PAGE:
For instance, the failed raid under Jimmy Carter to rescue the hostages in Iran where the helicopters sucked sand into their engines of the rescue. The SEAL team types who are there to get the hostages out.

Their helicopters crashed because they’ve sucked in the sand and the rescue was a failure. The hostages stayed hostages for, I think, 444 days. It ended Jimmy Carter’s presidency. And then 9/11 which is a product of a clever, in a way, low-tech terrorist plot.

But at the same time, low-tech that the terrorists are only carrying box cutters; they didn’t have to do anything high-tech to hijack a flight. But it is a failure of complacency. It was a failure of lack of interagency communication where the CIA wasn’t talking enough.

The NSA wasn’t talking enough to the FBI. It was a failure to have enough Arabic specialists in all these agencies. It was a failure to anticipate that this attack could be made even though at least one fiction writer has written the novel. Well, actually more than one, I think Tom Clancy had a novel where somebody crashed a plane into the capital.

So, anyway, red teams are the teams that look into situations and possible operations and try to come up with every possible way they could go wrong so that you have contingency plans that are already in place.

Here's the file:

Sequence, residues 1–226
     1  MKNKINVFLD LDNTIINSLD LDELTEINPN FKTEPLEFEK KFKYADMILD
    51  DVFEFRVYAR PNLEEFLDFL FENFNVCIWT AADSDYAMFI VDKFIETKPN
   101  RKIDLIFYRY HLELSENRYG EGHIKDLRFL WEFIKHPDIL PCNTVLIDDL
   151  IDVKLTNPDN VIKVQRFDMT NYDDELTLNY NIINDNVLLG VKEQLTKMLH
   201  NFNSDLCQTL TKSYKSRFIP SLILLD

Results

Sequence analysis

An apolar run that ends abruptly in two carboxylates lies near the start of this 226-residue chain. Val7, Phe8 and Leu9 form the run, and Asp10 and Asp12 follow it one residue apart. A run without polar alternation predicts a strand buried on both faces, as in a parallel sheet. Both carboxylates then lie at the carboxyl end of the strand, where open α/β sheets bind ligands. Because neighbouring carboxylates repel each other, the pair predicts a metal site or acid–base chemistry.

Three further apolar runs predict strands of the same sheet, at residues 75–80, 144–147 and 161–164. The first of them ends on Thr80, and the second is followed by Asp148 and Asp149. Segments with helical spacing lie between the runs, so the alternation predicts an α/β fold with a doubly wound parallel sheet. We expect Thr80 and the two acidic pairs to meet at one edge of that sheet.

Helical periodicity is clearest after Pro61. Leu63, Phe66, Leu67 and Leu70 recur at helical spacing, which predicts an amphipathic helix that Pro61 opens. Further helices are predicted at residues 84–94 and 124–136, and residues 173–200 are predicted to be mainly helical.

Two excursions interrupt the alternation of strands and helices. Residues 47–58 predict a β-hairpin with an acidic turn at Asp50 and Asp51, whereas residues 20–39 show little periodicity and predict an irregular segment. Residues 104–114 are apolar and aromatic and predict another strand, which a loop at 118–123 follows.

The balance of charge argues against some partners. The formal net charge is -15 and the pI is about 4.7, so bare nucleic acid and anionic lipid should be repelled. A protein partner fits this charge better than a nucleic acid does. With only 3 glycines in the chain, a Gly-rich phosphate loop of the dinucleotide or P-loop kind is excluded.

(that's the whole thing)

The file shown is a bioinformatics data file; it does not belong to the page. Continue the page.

I mean you can look at the aftermath of Gulf War II as the failure to have any contingencies where the neocon to Cheney and Rumsfeld who planned the war said, it is close to an actual quote: Iraqi civilians would greet the U.S. topplers of Saddam with flowers in the street.

I’m sure there were plenty of people who were glad to be rid of Saddam, but there was no post-war plan. They fired the entire military. He just fired and that left hundreds of thousands and maybe a million soldiers and officers without jobs.

And those people, this led to a civil war where up to a million Iraqis died. The fired officers often became the nuclei around which guerrilla organizations including ISIS formed and most of this was a failure to anticipate or they didn’t figure out how to guard the museums after the government was taken down. So, Iraq’s museums were robbed of stuff that’s 5,000 to 8,000 years old.

Iraq is one of the earliest settles in settled areas in the world; earliest areas in the world with civilizations, the Fertile Crescent; that is the fricking Fertile Crescent. And so, stuff from the very beginning of civilization was just looted by just people running amok in the streets.

And you can consider it a failure to use Red team thinking ‘what could go wrong?’, ‘what do we need to do to plan for all this stuff?’ I mean, the war itself was based on bullshit, but the war was much less damaging than the aftermath of the war with no plans in place to stabilize the country and the whole thing destabilized the Mideast and that area is still dealing with the consequences.

So, anyway, he became a red team guy and a futurologist; a guy who looks at what we do here, except he was doing it for the Marines: looking at the future and seeing what we’re going to be the threats and also the good shit in the next few decades.

[End of recorded material]


Rick Rosner

American Television Writer


Rick Rosner

Scott Douglas Jacobsen

Editor-in-Chief, In-Sight Publishing


In-Sight Publishing